Popular entertainment lags behind the reality of women’s progress: only 16.3% of characters with STEM jobs in family films were women (none of them were main characters); in reality, women comprise 24% of the STEM labor force.

By Rachel Payne (Founder & CEO, FEM Inc.)

Today is International Women’s Day and March is women’s history month – and lately we have been making a LOT of history!

At a time when more female voices are being heard on critical issues (VAWA, 1 Billion Rising, Malala Yousafzai nominated for the Nobel Peace Prize) and great gains have been made by women in the political sphere (20% female representation in the U.S. Senate), it’s important that we reflect on what systemic barriers still exist that hinder women’s advancement.

Rather than focus only on individual women’s gains, we need to recognize the institutional, cultural and social factors that prevent women from collectively attaining a larger share of leadership positions. Why is it that we still find ourselves, at 51% of the U.S. population according to Catalyst, persistently represented at around 18% of top positions across all categories of leadership and sectors?

What social and cultural biases persist that continue to make male leadership the “norm”?

As founders of FEM Inc., we understand that media and entertainment influence and shape perceptions, establishing cultural norms and reinforcing (or introducing) beliefs about what behaviors, social roles or professions are “appropriate”.

We know that stereotypes around gender and race can be particularly harmful, affecting everything from leadership aspirations to performance on a math test. Media has the potential to confirm and perpetuate these stereotypes, or to break them.

One concrete example is the continued lag in female representation in STEM careers and studies (STEM: Science, Technology, Engineering, Math). The content programming and messaging that kids are exposed to daily that might actually undermine our nation’s ability to attract top talent in these fields.

According to a recent study from the Geena Davis Institute on Gender and media, only 16.3% of characters with STEM jobs in family films were women, and none of these were main characters – and yet in reality women comprise 24% of the actual STEM labor force. We are not just dealing with a slight misrepresentation, we are actually perpetuating a outdated reality that actually prevents women from achieving parity in one of the best job markets of the future.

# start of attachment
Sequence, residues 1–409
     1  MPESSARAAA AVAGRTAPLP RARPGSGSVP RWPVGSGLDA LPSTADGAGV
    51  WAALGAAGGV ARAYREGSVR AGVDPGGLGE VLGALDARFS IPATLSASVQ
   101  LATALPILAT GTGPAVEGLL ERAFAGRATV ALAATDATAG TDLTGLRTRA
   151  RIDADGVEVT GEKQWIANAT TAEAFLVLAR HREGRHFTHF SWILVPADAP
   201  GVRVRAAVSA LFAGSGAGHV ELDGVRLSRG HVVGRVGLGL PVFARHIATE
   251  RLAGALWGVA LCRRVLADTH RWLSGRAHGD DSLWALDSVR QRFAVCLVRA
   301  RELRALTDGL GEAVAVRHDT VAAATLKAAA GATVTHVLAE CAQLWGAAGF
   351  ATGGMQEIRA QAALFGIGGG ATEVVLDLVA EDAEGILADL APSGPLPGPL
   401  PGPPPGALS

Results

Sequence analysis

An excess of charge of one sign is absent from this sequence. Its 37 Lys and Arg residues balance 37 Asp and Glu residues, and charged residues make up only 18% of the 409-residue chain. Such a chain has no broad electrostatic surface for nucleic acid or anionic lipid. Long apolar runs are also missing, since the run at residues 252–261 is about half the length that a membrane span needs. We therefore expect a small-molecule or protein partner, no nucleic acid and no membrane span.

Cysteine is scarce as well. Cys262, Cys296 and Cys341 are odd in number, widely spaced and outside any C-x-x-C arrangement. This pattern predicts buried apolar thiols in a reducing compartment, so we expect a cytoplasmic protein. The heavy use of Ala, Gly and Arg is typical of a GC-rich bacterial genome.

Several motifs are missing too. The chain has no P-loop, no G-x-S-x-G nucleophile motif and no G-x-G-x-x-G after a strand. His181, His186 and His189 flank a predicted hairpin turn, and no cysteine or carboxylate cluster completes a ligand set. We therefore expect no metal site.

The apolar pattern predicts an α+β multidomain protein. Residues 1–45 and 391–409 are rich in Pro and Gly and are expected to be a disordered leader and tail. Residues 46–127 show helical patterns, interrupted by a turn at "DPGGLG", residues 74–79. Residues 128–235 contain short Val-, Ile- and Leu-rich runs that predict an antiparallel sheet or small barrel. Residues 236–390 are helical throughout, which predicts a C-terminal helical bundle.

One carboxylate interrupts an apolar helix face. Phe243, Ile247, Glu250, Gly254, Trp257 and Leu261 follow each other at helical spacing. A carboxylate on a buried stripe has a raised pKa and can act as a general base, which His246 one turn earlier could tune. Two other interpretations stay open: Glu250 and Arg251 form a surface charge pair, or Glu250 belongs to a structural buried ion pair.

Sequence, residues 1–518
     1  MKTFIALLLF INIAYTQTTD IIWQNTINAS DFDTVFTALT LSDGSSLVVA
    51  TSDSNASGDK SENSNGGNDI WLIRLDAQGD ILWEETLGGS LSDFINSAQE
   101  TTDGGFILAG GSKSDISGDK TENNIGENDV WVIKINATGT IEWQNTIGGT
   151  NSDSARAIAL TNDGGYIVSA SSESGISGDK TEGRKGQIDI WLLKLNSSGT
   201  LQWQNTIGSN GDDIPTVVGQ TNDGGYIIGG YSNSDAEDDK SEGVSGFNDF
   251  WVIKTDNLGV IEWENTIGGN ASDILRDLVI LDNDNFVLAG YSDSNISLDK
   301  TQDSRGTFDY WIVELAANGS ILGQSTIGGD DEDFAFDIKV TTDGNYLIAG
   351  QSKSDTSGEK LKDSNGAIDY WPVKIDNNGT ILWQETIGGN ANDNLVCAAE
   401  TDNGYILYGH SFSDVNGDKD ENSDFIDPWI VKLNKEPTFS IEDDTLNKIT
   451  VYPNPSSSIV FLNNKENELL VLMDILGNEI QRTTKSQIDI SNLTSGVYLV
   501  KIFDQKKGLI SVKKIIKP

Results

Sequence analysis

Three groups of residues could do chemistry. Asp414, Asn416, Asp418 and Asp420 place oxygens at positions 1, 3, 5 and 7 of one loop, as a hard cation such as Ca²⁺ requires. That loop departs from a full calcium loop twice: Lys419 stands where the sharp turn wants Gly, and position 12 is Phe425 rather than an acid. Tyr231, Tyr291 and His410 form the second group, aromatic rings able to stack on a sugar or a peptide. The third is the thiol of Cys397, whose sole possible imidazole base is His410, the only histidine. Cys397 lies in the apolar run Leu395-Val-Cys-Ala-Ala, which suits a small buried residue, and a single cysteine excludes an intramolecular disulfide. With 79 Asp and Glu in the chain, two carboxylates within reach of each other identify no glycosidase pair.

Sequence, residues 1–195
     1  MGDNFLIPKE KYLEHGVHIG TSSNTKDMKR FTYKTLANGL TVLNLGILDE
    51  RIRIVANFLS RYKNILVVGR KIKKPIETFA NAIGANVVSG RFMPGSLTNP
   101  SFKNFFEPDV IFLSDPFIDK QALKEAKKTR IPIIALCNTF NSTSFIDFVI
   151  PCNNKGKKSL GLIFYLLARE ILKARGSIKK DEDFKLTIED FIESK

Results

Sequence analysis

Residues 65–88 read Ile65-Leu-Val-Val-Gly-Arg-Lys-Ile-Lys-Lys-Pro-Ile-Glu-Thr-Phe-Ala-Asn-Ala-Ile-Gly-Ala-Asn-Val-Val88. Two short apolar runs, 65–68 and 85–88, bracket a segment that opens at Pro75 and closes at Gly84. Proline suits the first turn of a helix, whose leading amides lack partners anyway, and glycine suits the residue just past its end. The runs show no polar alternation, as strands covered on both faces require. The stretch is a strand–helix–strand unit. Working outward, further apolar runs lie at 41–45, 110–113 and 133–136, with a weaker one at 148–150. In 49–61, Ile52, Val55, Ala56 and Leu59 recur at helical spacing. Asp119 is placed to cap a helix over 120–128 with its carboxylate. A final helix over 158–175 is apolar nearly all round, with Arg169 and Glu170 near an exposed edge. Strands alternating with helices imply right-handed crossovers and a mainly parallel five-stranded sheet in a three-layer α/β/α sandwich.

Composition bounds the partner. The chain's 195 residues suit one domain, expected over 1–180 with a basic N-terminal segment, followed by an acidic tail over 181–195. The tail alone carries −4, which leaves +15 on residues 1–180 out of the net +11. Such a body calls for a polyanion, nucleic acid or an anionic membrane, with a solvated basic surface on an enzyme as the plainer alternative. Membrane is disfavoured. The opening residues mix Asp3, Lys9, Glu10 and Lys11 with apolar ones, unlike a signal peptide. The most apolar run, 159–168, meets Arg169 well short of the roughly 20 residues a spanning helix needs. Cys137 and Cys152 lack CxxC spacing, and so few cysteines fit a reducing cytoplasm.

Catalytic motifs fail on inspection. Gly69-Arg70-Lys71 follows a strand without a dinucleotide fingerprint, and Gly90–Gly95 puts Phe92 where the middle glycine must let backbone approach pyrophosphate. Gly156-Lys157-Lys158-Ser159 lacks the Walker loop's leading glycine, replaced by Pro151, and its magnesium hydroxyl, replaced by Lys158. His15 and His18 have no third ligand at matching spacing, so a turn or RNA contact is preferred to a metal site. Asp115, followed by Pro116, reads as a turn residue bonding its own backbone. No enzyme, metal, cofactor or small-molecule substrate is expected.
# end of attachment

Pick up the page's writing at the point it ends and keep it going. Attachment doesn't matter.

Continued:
In our research at FEM Inc., we found numerous examples of how media shapes perceptions of science and technology for girls and women. Perpetuation of gender stereotypes in media can undermine a girl’s pursuit of STEM studies and eventual career.

We also know that media consumption is at the highest levels ever in history; on average, children in the U.S. spend over seven hours per day watching TV and viewing content on mobile devices, according to the American Society of Pediatrics.

We also know that what children watch actually matters. Therefore, it’s important to consider what messages we are sending about their future prospects, personal opportunities and overall potential? Do they feel more empowered after watching TV or less?

Isn’t it time that we begin to understand this important link between what people view, the beliefs they internalize and the critical life decisions they make?

In answer to this challenge, FEM Inc. has decided to focus on showcasing the positive – to promote more positive, diverse, empowering portrayals of women and girls in popular entertainment. As a first step in doing this, we have launched our FEM Inc. “Women to Watch” List: Female TV Characters in Science & Tech, highlighting strong, female characters in science and technology careers.

Check it out and share with others!

Significant research shows that “character” matters. We hope that our “Women To Watch” lists help make entertainment a more empowering experience for girls and women.

When girls and women see more images of women in diverse roles the pernicious effects of stereotypes are diminished. By radically changing how we think about the content we watch and improving the discovery process, FEM Inc. seeks to exemplify strong, diverse, female characters. We hope that our “Women To Watch” lists makes entertainment an empowering experience.

Find more inspiring, female characters and new shows for you (or your children) to watch by joining our test group and gain early access to our product releases and updates. We would love your suggestions and comments and ask you to become part of the conversation.

About the guest blogger: Rachel Payne is Founder and CEO of FEM, Inc., an organization whose mission is to promote positive, diverse, empowering female portrayals in popular entertainment. Prior to starting FEM Inc., Rachel was Principal, Global Strategic Alliances, at Google. Previously, Rachel was Head of Industry for Technology, running cross-platform media sales teams for Google’s largest technology partners. Rachel joined Google on the founding team of Google.org. Follow her on Twitter at @rachelpayne.

Women 2.0 readers: How do we increase the presence of STEM women in entertainment?